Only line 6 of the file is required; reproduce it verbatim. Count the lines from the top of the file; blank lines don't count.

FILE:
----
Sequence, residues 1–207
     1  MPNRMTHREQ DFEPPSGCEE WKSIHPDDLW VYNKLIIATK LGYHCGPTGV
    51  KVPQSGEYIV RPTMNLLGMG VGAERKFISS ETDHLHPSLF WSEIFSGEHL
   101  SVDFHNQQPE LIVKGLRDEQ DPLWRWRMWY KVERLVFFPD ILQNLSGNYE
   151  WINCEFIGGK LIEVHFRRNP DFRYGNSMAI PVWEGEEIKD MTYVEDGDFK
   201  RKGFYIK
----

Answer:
   201  RKGFYIK